Asia and Japan in the International System
Shiozaki, Yasuhisa, Hampton Roads International Security Quarterly
The 20th century witnessed two world wars and the Cold War, which ended before turn of the century. People believed in the advent of a lasting peace, and expected to receive the dividend of peace. However, the future of the international community in the 21st century remains unpredictable. We still have no clear vision as to how the new post-cold war international order should be structured. The United Nations, 60 years after its establishment, is not always coping effectively with the issues we face today. Reforms to that organization, including the Security Council, are vitally needed. As intensifying globalization causes both positive and negative effects, we now face new threats such as the proliferation of weapons of mass destruction, and the spread of international terrorism. Against this backdrop, Asia's significance in the world is increasing. On the economic front, Asian nations are enjoying striking growth, with positive impacts on the international economy as a whole. On the other hand, sources of instability still abound in Asia. To put it simply, Asia has become increasingly significant both in the positive as well as the negative sense.
Today, I intend to share with you my personal views by focusing on three key areas, making comparisons between Asia and Europe as necessary: First, what are the attributes that characterize Asia and its significance in the world?
Second, what policies do Asian countries need to put in place to ensure peace and prosperity? And to that end, what type of relationship should Asia have with the rest of the world.
And third, what is Japan's role in all this?
Asia as a Region
First, let us try to characterize Asia as a region. I would like to mention some key attributes of Asia on the political and economic front, by way of making a comparison to Europe.
First, on diversity - Asia is a region of diversity in terms of ethnicity, culture and religion as well as the developmental stage of the countries in the region. Unlike Europe, which has made significant progress in integration, there is no 'one Asia.' This has both positive and negative implications. While diversity is one of Asia's greatest strengths, it also makes cooperation among countries difficult in some ways.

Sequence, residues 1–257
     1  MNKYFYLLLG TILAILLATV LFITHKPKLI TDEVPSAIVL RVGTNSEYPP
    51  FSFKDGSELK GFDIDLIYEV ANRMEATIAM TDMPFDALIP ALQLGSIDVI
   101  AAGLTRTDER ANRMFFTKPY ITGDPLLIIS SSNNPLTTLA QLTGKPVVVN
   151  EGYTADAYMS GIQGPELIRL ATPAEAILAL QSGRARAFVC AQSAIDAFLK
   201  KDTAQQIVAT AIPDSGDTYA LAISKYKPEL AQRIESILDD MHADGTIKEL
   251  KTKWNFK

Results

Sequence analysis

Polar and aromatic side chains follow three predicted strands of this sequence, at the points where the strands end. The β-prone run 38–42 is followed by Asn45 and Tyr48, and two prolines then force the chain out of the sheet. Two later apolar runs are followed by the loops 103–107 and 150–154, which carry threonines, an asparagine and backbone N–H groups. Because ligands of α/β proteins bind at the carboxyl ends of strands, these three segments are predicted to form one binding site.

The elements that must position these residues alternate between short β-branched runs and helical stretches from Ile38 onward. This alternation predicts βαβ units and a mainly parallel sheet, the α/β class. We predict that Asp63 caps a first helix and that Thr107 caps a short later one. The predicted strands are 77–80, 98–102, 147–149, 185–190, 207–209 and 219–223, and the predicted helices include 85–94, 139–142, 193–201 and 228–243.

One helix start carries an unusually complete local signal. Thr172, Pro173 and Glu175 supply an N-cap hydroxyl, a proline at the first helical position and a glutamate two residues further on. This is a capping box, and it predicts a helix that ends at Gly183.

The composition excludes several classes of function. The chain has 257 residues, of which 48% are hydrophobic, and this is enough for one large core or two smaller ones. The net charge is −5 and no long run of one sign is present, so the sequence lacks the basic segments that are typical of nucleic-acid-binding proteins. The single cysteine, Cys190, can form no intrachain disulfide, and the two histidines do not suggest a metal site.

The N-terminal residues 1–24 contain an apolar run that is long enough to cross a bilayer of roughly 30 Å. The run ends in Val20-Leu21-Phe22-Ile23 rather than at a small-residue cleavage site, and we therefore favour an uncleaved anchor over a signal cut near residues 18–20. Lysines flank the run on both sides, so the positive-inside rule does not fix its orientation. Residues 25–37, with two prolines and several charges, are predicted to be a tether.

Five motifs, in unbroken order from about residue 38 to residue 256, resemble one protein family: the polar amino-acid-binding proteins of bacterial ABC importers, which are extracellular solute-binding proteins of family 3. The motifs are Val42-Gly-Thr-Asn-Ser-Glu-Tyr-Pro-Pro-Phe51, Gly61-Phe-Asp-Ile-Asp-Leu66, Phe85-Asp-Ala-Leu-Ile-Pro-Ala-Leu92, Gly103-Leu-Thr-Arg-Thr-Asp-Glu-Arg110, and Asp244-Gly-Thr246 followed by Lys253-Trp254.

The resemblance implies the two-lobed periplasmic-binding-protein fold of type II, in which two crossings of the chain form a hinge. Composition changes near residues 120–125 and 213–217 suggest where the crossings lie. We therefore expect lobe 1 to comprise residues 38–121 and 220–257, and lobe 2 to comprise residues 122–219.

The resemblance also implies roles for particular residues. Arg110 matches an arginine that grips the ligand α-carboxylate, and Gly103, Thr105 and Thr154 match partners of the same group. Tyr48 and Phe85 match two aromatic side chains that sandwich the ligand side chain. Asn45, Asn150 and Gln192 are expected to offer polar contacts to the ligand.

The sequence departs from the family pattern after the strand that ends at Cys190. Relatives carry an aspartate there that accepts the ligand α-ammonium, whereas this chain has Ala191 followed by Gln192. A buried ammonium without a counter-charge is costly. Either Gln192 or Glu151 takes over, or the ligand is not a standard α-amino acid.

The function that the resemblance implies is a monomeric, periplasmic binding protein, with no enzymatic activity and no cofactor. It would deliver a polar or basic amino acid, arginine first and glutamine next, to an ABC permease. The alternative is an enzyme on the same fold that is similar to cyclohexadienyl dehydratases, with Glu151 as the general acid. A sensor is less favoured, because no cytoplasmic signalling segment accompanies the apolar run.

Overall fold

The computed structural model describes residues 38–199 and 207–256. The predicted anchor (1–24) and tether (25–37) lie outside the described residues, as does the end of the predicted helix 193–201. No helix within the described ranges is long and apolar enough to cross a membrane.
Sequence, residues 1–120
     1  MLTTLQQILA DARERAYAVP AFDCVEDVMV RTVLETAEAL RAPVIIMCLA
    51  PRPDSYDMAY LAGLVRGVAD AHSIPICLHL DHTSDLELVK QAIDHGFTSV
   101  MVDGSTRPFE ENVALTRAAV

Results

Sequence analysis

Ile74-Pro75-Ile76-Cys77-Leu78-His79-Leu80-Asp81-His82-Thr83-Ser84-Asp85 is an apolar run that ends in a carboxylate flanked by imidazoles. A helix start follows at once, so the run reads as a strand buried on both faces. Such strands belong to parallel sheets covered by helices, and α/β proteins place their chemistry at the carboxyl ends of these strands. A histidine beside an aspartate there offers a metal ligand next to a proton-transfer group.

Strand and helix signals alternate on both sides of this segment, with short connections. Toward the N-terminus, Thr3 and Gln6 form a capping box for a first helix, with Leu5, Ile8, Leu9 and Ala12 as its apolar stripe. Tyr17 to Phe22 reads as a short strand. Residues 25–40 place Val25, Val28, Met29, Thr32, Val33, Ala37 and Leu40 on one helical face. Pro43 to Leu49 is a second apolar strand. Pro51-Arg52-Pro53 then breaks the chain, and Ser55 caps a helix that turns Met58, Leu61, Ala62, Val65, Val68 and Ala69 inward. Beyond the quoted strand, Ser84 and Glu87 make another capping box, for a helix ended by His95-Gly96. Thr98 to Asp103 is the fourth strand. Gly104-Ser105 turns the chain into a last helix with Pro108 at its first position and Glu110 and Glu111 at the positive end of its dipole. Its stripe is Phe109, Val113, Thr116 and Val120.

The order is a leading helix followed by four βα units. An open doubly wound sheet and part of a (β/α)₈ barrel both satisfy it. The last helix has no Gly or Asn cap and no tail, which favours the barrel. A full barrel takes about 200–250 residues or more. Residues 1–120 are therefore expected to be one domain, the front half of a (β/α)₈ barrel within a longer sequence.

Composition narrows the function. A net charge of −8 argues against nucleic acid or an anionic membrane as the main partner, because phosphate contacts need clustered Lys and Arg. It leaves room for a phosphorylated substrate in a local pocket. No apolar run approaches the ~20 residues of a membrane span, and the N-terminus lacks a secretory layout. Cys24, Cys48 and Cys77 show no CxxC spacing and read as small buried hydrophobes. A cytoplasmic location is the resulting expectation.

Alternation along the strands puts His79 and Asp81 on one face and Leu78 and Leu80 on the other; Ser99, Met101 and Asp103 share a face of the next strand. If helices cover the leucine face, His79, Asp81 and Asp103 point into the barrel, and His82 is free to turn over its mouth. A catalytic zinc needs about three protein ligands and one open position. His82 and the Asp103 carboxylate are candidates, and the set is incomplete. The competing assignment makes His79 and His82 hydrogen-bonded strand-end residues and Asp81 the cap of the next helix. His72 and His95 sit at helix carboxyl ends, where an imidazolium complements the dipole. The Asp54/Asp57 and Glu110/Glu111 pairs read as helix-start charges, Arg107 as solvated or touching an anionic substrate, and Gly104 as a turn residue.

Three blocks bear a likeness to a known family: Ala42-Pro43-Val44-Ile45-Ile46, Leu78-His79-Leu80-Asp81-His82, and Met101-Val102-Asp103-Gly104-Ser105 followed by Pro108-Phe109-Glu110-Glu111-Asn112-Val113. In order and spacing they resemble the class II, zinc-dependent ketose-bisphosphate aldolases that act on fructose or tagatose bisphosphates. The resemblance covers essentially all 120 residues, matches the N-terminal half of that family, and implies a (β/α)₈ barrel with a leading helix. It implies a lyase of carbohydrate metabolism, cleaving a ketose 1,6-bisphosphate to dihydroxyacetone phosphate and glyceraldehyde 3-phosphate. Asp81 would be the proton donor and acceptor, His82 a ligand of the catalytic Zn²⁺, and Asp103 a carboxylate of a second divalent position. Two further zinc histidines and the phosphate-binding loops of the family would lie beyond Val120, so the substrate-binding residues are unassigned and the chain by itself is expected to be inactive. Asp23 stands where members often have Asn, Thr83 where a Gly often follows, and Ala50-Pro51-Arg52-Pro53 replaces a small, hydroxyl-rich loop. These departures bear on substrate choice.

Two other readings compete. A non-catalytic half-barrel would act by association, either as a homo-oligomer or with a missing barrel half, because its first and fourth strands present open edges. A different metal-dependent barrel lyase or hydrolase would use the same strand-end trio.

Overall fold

Second, on the strong economy - Asia is highly dynamic with its strong economic potential. East Asia including Japan, China and South Korea increased its share of world GDP by 13 % during the past 30 years. Nearly 50% of the world population reside in participating countries of the East Asia Summit, and those countries consist 22.6% of the global nominal GDP. China's economic growth is a notable positive influence to the region as a whole. We must capitalize on this positive influence, while cooperating in dealing with the negative impact of such rapid growth, including environmental pollution and imbalance in energy supply and demand. Third, on the weak financial ties - Asia has no common currency such as the Euro, and the convertibility of Asian currencies is weak. In this regard, after East Asia experienced a large scale financial crisis in the late 1990s, Japan has assisted financially-troubled Asian countries through the New Miyazawa Initiative. In addition, the ASEAN+3 countries have been working to enhance cooperation among countries in the region through measures such as the Chiang Mai Initiative. However, it is still important in my view to further increase financial cooperation among individual Asian countries.
And fourth, on the uncertain security environment - Tensions on the security front have not fully subsided in Asia, and East Asia in particular. According to the Military Balance, as of 2003, 33% of the world's military manpower is concentrated in East Asia and Australia. In this region, China alone consists just over 11% of the world's entire military manpower. …